The idea of managing has always stuck in my throat, like it cannot be enough. But I don’t care anymore. Somewhere safe and warm to sleep, with food in our bellies and love for each other. That’s all we need and we have all of that. I don’t want to struggle anymore. I want walks in the park, at my own pace, not having to think about what the rest of the world needs from me. Because what I have to give is not for the rest of the world, it is for my family. It is for that poor broken woman whose screaming is still ringing in my ears.

My best friend

The loneliness of this life is real baby girl. I know a lot of mums feel this way, like they lose their identity a bit with their tiny human needing them more than anyone before.

Pause it there. It is so crucially important to me that you always know that I do not feel this way because I am a mum. Being your mum, Squidgelet, has been a transformation for me. You are my anchor, the sense of purpose I didn’t know I was missing before I met you.

My sense of identity has been eroded by CP. Fatigue is too fluffy a term for it. It just makes me think of damsels in distress, fanning their brow dramatically til the cavlry rocks up

You’re my cavalry Squidge.

When I was glancing wistfully at the well groomed mums at playgroup, wishing they’d be my friends, like I might be one of them (that is, capable of drinking gin AND holding a conversation circa 8pm) you snapped me out of it by wanting to build castles.

I feel so guilty. Like, all the time. It’s as though no matter what, I’ll never feel I’m good enough for you because I’m always so depleted.

This morning was a shouty one. God knows what next door thought of me as I tried to push you out into the rain. You were crying then but I just wanted to get to the doctors on time.

You walked so well. No complaints, so road aware, so helpful. I have so much love for you Squidgelet and this morning I didn’t show it. I’m sorry.

We’ve played all day. Soft play, gymnastics and even a sneaky chocolate biscuit in between for being such a rockstar – right down to nagging Mummy like your Granny used to, telling me to stand up straight to save my back ache.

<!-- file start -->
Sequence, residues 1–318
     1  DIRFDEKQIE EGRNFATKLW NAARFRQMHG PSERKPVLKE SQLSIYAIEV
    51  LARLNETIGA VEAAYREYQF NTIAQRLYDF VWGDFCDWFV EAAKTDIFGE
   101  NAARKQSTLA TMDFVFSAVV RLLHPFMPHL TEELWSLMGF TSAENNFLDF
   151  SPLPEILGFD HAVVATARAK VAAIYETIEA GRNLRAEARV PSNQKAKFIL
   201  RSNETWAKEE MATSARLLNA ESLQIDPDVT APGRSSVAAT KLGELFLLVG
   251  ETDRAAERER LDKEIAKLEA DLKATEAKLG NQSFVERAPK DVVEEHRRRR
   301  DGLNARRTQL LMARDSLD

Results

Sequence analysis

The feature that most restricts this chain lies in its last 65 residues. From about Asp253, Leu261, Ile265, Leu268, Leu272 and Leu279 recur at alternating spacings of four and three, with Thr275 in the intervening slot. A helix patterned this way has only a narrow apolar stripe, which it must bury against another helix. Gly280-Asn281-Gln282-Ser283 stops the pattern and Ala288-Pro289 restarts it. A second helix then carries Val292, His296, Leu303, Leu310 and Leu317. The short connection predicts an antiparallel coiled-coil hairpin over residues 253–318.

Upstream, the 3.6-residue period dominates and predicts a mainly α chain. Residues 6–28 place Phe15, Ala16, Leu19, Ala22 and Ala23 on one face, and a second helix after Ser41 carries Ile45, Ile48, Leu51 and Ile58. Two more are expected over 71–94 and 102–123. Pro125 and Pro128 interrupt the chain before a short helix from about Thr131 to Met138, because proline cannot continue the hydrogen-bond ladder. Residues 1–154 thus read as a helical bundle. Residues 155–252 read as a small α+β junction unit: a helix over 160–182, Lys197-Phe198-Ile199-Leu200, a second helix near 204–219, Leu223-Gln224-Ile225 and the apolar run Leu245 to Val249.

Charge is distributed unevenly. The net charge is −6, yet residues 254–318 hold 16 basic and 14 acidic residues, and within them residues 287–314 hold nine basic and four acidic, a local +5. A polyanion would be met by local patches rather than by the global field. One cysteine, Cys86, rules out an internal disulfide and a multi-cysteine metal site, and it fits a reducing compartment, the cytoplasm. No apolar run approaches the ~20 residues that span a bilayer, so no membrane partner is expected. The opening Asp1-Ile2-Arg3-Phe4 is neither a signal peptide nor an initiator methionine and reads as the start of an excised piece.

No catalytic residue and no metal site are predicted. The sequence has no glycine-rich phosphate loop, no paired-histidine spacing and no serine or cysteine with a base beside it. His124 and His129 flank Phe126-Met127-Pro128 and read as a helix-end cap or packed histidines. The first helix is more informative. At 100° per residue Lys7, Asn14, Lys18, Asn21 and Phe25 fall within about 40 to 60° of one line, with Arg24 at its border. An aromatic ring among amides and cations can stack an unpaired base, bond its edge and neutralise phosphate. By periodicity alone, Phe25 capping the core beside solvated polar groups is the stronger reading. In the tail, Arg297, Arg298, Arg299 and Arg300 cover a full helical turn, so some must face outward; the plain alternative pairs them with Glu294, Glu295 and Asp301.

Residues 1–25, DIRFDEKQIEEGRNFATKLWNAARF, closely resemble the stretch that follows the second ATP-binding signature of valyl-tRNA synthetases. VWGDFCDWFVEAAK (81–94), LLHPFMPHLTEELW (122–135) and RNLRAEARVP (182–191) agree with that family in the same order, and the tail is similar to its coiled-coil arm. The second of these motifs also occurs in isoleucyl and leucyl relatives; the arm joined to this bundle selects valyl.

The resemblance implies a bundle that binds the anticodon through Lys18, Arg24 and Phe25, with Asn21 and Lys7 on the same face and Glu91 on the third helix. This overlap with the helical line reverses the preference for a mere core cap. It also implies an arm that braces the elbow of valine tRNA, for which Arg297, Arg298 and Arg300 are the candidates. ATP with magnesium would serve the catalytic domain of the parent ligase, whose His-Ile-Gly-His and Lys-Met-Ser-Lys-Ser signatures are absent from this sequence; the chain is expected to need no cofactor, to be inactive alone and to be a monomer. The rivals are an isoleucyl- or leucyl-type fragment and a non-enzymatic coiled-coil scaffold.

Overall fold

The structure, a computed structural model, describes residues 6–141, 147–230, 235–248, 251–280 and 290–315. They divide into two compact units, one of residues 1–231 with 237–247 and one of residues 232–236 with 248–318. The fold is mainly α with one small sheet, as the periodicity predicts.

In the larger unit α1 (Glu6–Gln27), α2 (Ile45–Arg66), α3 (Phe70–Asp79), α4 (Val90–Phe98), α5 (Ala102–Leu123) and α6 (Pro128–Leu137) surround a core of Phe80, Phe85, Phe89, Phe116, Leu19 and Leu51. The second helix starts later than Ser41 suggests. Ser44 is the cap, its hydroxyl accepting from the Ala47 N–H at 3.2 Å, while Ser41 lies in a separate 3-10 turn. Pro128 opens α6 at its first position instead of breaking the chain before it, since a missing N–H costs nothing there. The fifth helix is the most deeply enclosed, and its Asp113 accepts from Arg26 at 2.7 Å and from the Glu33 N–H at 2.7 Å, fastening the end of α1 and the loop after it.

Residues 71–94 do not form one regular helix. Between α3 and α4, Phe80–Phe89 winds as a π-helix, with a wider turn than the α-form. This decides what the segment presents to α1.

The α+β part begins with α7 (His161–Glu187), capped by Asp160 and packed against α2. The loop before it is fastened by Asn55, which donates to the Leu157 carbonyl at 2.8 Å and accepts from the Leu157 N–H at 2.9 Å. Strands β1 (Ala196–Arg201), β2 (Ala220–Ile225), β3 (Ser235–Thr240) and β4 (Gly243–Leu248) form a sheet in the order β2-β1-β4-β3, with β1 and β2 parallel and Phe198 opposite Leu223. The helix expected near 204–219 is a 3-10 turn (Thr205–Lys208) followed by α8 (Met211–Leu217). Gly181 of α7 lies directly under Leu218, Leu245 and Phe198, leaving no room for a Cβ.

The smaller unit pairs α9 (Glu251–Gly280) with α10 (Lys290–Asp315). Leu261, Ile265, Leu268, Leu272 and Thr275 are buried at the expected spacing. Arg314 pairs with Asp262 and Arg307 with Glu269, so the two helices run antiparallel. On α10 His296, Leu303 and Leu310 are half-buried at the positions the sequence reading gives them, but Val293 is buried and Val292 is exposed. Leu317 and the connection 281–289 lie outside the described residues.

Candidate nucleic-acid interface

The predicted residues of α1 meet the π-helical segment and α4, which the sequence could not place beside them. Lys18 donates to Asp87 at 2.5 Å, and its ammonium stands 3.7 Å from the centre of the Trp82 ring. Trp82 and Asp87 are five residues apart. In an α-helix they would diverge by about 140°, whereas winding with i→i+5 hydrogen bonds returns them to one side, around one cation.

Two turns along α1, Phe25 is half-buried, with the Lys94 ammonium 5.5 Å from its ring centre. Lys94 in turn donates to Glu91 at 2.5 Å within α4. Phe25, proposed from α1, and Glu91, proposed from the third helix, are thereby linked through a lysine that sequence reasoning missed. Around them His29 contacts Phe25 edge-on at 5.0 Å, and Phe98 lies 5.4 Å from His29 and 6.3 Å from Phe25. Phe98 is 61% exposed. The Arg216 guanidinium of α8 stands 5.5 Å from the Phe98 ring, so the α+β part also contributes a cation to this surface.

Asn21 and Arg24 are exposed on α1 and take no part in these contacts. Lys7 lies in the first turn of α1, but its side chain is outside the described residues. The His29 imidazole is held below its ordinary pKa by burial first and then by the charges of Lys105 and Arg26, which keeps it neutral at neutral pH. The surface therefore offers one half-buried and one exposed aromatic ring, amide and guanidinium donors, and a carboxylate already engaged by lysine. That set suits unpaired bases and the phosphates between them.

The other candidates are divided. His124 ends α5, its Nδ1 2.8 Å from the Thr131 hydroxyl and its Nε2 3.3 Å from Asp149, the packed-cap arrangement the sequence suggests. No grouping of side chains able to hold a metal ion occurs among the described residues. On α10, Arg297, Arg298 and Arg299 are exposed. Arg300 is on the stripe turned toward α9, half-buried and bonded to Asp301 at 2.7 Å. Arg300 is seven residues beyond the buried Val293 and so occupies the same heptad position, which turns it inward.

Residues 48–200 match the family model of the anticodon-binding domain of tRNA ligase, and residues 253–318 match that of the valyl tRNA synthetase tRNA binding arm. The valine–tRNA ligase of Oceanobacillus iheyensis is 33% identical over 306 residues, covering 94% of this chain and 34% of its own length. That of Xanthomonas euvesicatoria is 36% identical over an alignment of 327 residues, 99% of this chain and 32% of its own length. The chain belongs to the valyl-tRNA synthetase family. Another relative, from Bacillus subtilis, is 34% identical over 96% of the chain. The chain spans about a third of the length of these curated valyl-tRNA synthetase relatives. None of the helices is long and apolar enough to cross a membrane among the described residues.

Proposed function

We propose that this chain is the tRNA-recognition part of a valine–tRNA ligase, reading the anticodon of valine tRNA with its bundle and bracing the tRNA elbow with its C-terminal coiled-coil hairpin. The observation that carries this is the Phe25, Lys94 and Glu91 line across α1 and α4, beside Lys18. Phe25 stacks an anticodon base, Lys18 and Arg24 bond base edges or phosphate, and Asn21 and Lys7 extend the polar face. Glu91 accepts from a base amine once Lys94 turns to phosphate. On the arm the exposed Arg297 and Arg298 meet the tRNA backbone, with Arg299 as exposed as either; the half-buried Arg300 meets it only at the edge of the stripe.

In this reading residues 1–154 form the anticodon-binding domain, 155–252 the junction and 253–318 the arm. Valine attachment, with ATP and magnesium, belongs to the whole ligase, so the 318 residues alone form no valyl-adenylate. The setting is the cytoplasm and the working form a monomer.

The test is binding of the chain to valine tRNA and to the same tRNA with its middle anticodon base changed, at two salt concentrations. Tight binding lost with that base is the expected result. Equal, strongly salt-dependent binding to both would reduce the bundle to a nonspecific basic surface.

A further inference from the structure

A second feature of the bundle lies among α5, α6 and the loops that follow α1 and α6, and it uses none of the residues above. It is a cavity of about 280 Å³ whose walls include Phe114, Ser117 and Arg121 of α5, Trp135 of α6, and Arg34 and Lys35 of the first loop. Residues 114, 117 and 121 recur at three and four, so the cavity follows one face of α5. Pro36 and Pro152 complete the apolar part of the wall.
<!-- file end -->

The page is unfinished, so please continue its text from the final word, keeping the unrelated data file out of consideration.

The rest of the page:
I love so much chatting away to you as we make our inevitable trip to Morrison’s so you can push a little trolley. There are always so many people in the supermarket and I don’t need anyone but you. You make me laugh as we sing questions to each other or you burst out in a new rendition of Big Girls Don’t Cry. I played you Frankie Valli when you were in my tummy and I love so much that one of my loves stuck with you.

I am so proud that even at a time of your life when you’re wrangling with your own emotions, you always remember to look after me – holding my hand or picking up your toys so I don’t fall.

Being able to spend any time with you feeds my soul and brings me happiness I cannot put into words. It helps me feel right in a world where I just feel so overwhelmed and out of place. You give me that, just by existing. You amaze me.

Life is tough for Mummy right now which means it’s hard on you and Daddy too.

But more and more, I realise now, it doesn’t matter. Because whatever comes at us, you’ve already told me… “We’ll do it together”.

And that, darling girl, is truly all I need. Thank you.

Love Letter to my Little One vol. 2